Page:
The UK is getting better at tackling foreign bribery, heightening calls to safeguard the Serious Fraud Office's future

Hayley Kirton
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The government is currently auditing the UK's approach to economic crime. (Source: Getty)

The UK has raised its game in tackling foreign bribery over the last five years, but the fraud squad's shaky future could undermine that progress, a report out today warns.

The Organisation for Economic Co-operation and Development's (OECD) Working Group praised the country for coming on in leaps and bounds in the fight against bribery since it last reported in March 2012, particularly thanks to the "pragmatic and effective approach taken by the Serious Fraud Office (SFO)".

The OECD urged the government to protect the future of the SFO and make sure it has access to the resources it needs.

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The SFO, which has been headed up by David Green as director since April 2012, has scored a number of successes recently in the field of foreign bribery and corruption.

Back in January, the agency obtained a deferred prosecution agreement for £497m from engineering firm Rolls-Royce off the back of claims of possible bribery and corruption in the company's overseas markets, particularly China and Indonesia.

However, the OECD has plenty of reason to be concerned about the fraud squad's future. The government is currently auditing the UK's approach to economic crime.

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When questioned about the fate of the SFO by MPs last week, solicitor general Robert Buckland came out in favour of the Roskill model used by the fraud squad, whereby investigators and prosecutors work under the same roof. However, he did not go as far as guarantee it would not be rolled into another of the UK's crime agencies in the future.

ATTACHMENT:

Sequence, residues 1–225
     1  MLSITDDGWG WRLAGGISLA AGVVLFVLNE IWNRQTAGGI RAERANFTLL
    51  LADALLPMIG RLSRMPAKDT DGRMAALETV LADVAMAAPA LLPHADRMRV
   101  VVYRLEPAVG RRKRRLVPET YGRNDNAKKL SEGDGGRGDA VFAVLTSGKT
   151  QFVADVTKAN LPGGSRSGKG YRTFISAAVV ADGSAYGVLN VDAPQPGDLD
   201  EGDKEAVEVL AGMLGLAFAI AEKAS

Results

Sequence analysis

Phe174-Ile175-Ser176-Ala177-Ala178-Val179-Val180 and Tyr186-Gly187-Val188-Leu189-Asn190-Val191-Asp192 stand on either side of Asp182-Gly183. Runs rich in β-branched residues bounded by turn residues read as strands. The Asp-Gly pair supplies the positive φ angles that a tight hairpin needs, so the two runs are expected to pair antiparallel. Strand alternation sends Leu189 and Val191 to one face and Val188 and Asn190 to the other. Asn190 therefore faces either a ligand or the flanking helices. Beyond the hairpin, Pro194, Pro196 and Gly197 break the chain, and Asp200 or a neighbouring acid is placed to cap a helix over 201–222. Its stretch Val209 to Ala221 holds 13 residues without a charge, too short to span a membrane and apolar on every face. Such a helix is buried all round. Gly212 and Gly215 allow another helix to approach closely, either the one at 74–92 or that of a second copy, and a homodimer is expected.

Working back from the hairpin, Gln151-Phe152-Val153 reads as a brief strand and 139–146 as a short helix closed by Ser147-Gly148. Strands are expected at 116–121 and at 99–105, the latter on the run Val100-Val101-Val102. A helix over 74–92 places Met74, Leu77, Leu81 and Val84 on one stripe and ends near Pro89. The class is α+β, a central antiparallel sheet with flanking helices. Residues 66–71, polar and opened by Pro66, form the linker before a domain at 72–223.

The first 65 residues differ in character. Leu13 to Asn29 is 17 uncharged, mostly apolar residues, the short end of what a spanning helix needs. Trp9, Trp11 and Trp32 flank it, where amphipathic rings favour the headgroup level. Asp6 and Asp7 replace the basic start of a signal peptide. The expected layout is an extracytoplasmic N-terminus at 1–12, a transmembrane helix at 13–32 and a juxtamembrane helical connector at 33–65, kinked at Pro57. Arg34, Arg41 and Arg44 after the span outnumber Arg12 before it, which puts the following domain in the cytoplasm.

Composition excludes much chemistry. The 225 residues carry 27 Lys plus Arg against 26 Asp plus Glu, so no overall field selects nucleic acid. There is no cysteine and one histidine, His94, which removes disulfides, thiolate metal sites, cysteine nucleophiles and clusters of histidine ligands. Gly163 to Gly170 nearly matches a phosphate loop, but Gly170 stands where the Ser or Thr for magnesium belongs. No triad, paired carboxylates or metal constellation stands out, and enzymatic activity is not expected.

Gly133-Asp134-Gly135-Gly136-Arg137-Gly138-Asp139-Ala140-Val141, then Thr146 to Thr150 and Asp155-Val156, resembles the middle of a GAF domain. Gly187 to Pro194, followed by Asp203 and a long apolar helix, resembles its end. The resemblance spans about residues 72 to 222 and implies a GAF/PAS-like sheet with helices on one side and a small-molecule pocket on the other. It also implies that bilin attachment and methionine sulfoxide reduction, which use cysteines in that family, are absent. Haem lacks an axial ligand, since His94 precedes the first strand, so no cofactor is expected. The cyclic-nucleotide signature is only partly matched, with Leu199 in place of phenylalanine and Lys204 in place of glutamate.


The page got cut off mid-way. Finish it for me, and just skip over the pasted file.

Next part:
Meanwhile, back when she was home secretary, Prime Minister Theresa May argued the fraud squad should be folded into the National Crime Agency (NCA).

And, while the SFO may well be on the road to recovery, its past has been tarnished by some high-profile flops, including a botched probe into property tycoon Vincent Tchenguiz.

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A cabinet office spokesperson said: "We will consider the recommendations made by the OECD as we continue to make the UK a more hostile environment for all forms of economic crime, including bribery, money laundering and fraud."

The SFO declined to comment.

The OECD also encouraged the government to work on its anti-money laundering framework to better spot foreign bribery. The report also warned Brexit could knock the UK's battle against bribery, as it could put a strain on the amount of time the government and parliament have to devote to the issue.

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Earlier this month, the Treasury announced it would be setting up a new watchdog – the Office for Professional Body Anti-Money Laundering Supervision – specifically to oversee anti-money laundering activities.

Meanwhile, the country hosted an anti-corruption summit last May and the criminal finances bills is currently making its way through the House of Lords so could be passed into law in the near future.

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